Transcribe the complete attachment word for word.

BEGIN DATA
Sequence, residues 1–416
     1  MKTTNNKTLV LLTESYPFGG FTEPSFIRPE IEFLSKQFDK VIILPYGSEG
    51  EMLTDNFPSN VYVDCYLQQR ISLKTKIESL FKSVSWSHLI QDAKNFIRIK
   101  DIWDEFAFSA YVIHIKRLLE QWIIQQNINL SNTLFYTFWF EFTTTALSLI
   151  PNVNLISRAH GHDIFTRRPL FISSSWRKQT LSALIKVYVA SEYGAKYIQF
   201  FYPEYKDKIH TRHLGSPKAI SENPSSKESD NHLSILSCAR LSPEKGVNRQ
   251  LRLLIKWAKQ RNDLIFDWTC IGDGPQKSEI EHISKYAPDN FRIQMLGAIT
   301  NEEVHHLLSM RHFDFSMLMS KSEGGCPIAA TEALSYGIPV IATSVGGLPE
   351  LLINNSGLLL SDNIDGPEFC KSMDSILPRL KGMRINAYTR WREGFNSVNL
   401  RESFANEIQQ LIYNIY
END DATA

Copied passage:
Sequence, residues 1–416
     1  MKTTNNKTLV LLTESYPFGG FTEPSFIRPE IEFLSKQFDK VIILPYGSEG
    51  EMLTDNFPSN VYVDCYLQQR ISLKTKIESL FKSVSWSHLI QDAKNFIRIK
   101  DIWDEFAFSA YVIHIKRLLE QWIIQQNINL SNTLFYTFWF EFTTTALSLI
   151  PNVNLISRAH GHDIFTRRPL FISSSWRKQT LSALIKVYVA SEYGAKYIQF
   201  FYPEYKDKIH TRHLGSPKAI SENPSSKESD NHLSILSCAR LSPEKGVNRQ
   251  LRLLIKWAKQ RNDLIFDWTC IGDGPQKSEI EHISKYAPDN FRIQMLGAIT
   301  NEEVHHLLSM RHFDFSMLMS KSEGGCPIAA TEALSYGIPV IATSVGGLPE
   351  LLINNSGLLL SDNIDGPEFC KSMDSILPRL KGMRINAYTR WREGFNSVNL
   401  RESFANEIQQ LIYNIY